diversity of thinking
A real-life example was the acquisition of the UK Green Investment Bank by Macquarie Group, a global investment house. I spoke with Peter Warne, the chairman, and he said that the acquisition was slower than they had expected. In fact, it was delayed by about twelve months. Why? Because although the deal team had the best structurers, the best mathematicians and legal minds, there were no people who were looking at the deal from a people angle. Those folk would have complemented the team by thinking about the sale in terms of ‘who were the most impacted stakeholders?’, ‘what did the sale mean to them?’, ‘how were they going to cater to those views?’. That gap meant mistakes were made.
So, I guess the question is, if it seems so obvious – that cloning creates risk – why do we have it? It goes back to that issue of homophily again; it’s difficult to see ourselves succumbing to homophily. The group conversation feels quite natural and comfortable. When you have your own voice echoed back to you, it’s validating.
Often when organisations talk about cloning, they are referring to demographic similarity. That’s important; we need to reflect the communities in which we operate and draw on a broad pool of talent. Equally we need to talk about cognitive cloning. That’s much less obvious, but it’s critical to business success.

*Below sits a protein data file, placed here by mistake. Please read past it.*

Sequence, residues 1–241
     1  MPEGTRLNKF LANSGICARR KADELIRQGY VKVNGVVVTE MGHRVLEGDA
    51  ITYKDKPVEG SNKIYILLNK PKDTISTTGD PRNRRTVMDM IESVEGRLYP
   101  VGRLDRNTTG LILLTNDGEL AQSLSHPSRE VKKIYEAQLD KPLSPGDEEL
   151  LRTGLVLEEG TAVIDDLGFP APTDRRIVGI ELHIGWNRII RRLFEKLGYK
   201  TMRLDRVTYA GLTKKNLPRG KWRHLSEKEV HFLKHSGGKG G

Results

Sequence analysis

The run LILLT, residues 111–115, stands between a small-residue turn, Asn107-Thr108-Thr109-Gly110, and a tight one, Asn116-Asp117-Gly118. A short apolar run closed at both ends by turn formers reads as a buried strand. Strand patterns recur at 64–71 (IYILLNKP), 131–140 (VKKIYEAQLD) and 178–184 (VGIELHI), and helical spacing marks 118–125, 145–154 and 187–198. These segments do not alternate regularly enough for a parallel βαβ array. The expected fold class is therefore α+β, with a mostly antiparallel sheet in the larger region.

the inclusion of diverse thought may help
organisations navigate the great resignation
Q. What has been, historically, the limits to diversity of thought within an organisation? Is it personal or situational? Will the global acceleration towards remote working, allowing recruiters to disregard location of recruits, help?
A. Andrea: Historically, underrepresented groups have faced unique constraints in the workplace. By that, I mean people who work in regional areas, or people with disabilities, might find it more challenging to commute or navigate an office setting. Yet, remote working has gradually eroded some of these barriers. So, groups that would have otherwise been excluded, now have a seat at the proverbial table.